The Correct Way to Pour a Bottled Beer

by Warrick Steabben on September 2, 2014

How to Pour a Beer

What could be easier than pouring out a bottle of beer? As it turns out, a lot of things. Pouring a bottled beer so that it comes out with a perfect head and doesn’t lose any carbonation takes a decent bit of technique and preparation. What are the dangers of pouring a beer badly? You’ll either end up with a headless beer that doesn’t yield that wonderful initial nose full, or even worse, a glass that’s half-full of foam and half-full of flat beer that is nearly impossible to drink without getting foam on your face. Here are a couple of bartenders’ tips to keep you from making a critical pouring mistake.

How to pour a beer
How to pour a beer

The Glass Matters

While the shape of your glass doesn’t particularly factor into how the pour will turn out, condition and cleanliness do. An old and poorly treated glass will probably be covered with tiny scratches and chips on the inside, which is a perfect environment for bubbles of carbonation to form. That’ll make the beer go flat faster and could create too much foam, as well. A glass that’s got dust in it will have the same problem—not to mention that it’ll have dust floating in it. On the other hand, if there’s a layer of oil dirtying the glass, it won’t be able to form much of a head at all. In order to avoid pouring into a dirty glass, quickly rinse it out with a little water before you pour the beer.

Temperature is also important. The colder any fizzy drink is, the less gas that it can actually keep dissolved. Cold drinks fizz—they lose their carbonation—faster than warmer ones. We often pour beers into chilled (but not too cold) glasses partially to take advantage of that fact, so it fizzes attractively while it pours.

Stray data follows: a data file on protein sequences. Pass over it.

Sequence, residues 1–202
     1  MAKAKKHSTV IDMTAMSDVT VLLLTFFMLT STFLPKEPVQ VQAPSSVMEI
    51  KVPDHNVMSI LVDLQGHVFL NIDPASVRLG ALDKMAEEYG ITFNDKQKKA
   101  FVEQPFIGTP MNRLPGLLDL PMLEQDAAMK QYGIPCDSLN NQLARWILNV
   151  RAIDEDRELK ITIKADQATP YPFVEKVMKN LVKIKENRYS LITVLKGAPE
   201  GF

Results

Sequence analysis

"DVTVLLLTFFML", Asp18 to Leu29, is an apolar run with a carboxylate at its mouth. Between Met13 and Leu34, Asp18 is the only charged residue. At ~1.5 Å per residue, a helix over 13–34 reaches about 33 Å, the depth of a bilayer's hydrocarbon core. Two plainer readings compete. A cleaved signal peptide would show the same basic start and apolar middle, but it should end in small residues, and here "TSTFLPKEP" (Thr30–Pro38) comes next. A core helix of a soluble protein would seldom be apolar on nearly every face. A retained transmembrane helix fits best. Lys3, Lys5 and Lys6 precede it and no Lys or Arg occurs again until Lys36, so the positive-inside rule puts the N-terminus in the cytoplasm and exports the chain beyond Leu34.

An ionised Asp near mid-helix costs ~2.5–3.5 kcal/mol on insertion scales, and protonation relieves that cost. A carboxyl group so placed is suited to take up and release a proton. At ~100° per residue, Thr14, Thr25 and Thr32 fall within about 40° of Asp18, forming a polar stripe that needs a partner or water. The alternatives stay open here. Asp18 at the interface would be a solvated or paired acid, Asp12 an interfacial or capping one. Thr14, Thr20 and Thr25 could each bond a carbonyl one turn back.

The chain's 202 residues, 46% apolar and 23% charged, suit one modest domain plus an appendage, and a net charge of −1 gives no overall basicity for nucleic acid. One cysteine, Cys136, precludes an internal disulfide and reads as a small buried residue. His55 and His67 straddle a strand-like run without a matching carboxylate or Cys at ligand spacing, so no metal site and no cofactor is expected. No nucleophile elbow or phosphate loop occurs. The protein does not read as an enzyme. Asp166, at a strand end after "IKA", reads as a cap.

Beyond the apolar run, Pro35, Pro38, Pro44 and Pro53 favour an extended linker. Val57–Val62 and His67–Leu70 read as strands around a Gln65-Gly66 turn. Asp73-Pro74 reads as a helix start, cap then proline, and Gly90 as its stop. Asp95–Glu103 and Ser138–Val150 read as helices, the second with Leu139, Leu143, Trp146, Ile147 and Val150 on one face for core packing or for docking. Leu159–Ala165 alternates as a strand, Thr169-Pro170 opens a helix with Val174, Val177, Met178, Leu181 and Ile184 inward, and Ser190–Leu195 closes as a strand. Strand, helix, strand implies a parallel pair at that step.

How to Pour the Beer

The way that you pour the beer into the bottle is the biggest factor in how the head is going to turn out. In general, there are two ways of going about it. The first and most universal method is to tilt the glass by between 30 and 45 degrees while pouring so that the beer flows down the side. This keeps the beer from getting too agitated and foaming up excessively. In order to create a good head, bring the glass to an upright position as you pour; the steeper the pouring angle, the more foam is produced.

However, highly carbonated beers like hefeweizen—wheat beer—will still be overly foamy no matter how gingerly you pour them. The trick with hefeweizen is to place the clean glass upside-down on top of the bottle. Quickly invert this contraption and slowly lift the bottle up as it pours out so that the bottle’s lip remains just under the level of the beer.

There’s a lot that goes into pouring a beer correctly, so imagine how much there is to know about serving alcohol in general. Our RSA classes and other hospitality courses cover everything you need to learn about alcohol service. If you’re looking for professional training to take your beer pouring skills to the next level, why not enrol in a Melbourne bartending course? You don’t need to be a service professional either; you’ll learn skills you can use at your own parties or simply to impress your friends!

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